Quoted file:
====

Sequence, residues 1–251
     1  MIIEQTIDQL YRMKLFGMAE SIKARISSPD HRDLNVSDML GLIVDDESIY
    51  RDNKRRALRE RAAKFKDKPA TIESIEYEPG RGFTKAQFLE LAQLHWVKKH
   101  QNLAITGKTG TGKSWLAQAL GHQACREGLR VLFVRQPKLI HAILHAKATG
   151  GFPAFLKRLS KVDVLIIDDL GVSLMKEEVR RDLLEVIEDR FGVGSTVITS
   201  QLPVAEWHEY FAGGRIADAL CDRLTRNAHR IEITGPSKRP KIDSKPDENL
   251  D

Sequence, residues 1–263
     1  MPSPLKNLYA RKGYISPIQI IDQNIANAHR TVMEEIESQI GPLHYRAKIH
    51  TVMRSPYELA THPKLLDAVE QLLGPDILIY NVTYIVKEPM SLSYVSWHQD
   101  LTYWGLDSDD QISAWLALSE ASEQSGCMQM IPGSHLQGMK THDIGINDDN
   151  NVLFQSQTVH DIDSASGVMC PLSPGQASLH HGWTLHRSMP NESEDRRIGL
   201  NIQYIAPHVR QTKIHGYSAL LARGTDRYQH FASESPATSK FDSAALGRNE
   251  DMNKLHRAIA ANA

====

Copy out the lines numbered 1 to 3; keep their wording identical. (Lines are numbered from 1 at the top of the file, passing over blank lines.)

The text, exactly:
Sequence, residues 1–251
     1  MIIEQTIDQL YRMKLFGMAE SIKARISSPD HRDLNVSDML GLIVDDESIY
    51  RDNKRRALRE RAAKFKDKPA TIESIEYEPG RGFTKAQFLE LAQLHWVKKH